The Classic London Guide
Our guide to the most iconic spots of this much-loved city, perfect for both locals and visitors alike.
The Churchill Arms119 Kensington Church St., Kensington | +44.20.7727.4242
Not only is the Thai food delicious here but it's served at awesome prices—all amid myriad green, overgrown hanging plants in the back dining room. The bar area in front is traditional English style and gets crowded.
The Grenadier18 Wilton Row, Belgravia | +44.20.7235.3074
If you’re visiting London, it’s sort of a requirement to visit a pub, and the Grenadier is our long-time favorite. It’s tucked away in a cobblestone mews and features a cozy fireplace for rainy days. Once you’ve settled in, take the time to sample the fantastic beer menu and indulge in some classic pub food.
The Lansdowne90 Gloucester Ave., Primrose Hill | +44.20.7483.0409
This is pretty much the perfect pub. And in a city famous for its wateringholes, that’s some truly high praise. Long, wooden tables fill a huge, bright dining room, which is packed with locals (and their dogs) on evenings and weekends. The impeccable thin-crust pizza, made with quality ingredients like Parma ham and taleggio, is another huge draw.
China Tang53 Park Lane, Mayfair | +44.20.7629.9988
Like stepping back into old-world Eastern elegance, this beautiful dining room serves exquisitely-executed, upscale Cantonese classics, like their whole suckling pig, which requires 24-hour notice and £150 pounds. It's a splurge but makes for a memorable meal, particularly if it's served in one of the three adjacent private rooms that seat up to 26—Ping, Pang, and Pong—or combined to seat 80. The dim sum, which is less of an investment, is also great, the seafood and veggie sides are as fresh as they come, and they've totally nailed cha siu. A meal here is best enjoyed with an expense account, but you can always hit the swanky bar for one very delicious cocktail.
Café Murano33 St. James St., Mayfair | +44.020.3371.5559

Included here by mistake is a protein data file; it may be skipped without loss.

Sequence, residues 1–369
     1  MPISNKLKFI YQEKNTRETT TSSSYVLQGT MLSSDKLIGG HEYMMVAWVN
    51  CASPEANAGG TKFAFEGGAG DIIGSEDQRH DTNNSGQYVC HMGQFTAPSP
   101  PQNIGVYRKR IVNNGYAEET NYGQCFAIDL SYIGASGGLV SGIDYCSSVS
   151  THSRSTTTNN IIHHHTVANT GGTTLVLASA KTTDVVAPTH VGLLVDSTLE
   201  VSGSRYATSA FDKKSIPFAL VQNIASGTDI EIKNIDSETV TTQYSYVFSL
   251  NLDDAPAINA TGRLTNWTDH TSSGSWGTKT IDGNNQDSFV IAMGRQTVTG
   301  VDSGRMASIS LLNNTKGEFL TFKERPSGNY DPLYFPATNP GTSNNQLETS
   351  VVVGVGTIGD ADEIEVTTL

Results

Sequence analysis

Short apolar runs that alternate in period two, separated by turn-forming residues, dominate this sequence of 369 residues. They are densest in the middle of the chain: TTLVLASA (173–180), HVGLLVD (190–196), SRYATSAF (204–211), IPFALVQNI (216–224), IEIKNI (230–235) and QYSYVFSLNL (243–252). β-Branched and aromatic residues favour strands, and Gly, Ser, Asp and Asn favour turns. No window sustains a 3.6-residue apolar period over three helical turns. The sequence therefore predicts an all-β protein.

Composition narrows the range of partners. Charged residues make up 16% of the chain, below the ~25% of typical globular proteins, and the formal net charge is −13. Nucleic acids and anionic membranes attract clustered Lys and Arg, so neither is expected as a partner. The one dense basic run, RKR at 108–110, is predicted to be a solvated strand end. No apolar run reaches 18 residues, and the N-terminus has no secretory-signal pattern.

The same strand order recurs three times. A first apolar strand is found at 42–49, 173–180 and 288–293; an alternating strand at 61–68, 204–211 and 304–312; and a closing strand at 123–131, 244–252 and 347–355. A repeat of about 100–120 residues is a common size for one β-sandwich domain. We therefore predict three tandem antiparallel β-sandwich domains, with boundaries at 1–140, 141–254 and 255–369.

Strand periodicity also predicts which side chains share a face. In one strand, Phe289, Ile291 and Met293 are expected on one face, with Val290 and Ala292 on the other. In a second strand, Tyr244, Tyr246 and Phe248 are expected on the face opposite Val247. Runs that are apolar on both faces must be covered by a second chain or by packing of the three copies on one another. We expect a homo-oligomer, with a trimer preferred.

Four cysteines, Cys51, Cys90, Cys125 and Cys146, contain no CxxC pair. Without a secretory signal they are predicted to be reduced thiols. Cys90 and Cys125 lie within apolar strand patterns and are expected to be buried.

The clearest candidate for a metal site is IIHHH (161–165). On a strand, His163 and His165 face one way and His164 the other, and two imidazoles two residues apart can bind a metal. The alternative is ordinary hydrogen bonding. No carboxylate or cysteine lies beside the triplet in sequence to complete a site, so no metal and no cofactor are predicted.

Regional Italian dishes that include a memorably great Osso Bucco are served up at Murano’s more laid-back sister restaurant, where chef Sam Williams has taken the helm. It’s relaxed in an upscale, Mayfair sort of way: Seats at the long marble bar are first-come-first-serve, and the booths are the perfect spot to spend the better part of an afternoon drinking aperitivi with friends. Must order: The truffle arancini. There's also an outpost in Covent Garden.
AmayaHalkin Arcade, Motcomb St., Belgravia | +44.20.7823.1166
Nestled in the heart of Belgravia on the absurdly charming Motcomb street, Amaya is one of our favorite spots for Indian food. Most of the dishes are grilled, which lets you enjoy Indian flavors without the gut bomb that the cuisine can sometimes deliver. Favorite menu items: the grilled fish, the duck, and the grilled broccoli.
Chisou4 Princes St., Mayfair | +44.20.7629.3931
Even though it's a total gem, you won't find Chisou in any London guidebooks. It's traditional Japanese, and the experience is rounded out with hand towels and a serious sake menu. Make sure you try GP's pick, the spinach salad with spicy shrimp (GP loves it so much she orders two). If you're short on time or budget, try Chisou To Go, where you can pick up sushi, salad, and noodles for the road.
J. Sheekey28-34 St. Martin's Court, Covent Garden | +44.20.7240.2565
J. Sheekey is known for its super fresh oysters and its quiet, old-school British vibe, which makes sense, because it's been around forever and the quality is always the same. You'll get consistently fresh fish, great service, and a seamless experience any day of the week.
La Petite Maison53-54 Brook's Mews, Marylebone | +44.20.7495.4774
La Petite Maison is another restaurant by Arjun Waney (the investor behind Zuma), and it's based on the restaurant of the same name in Nice, meaning the food has a distinctly southern French soul. Plates come small and to share, so you can theoretically sample it all. The salads and fish carpaccios from the starter menu shouldn't be missed, and for the main course, the fish is always perfect and the macaroni with truffles is to die for. The real star of the show is the black leg roasted chicken, though: Order it right when you sit down. It takes about an hour and twenty minutes, but it justifies the wait.
Locanda Locatelli8 Seymour St., Marylebone | +44.20.7935.9088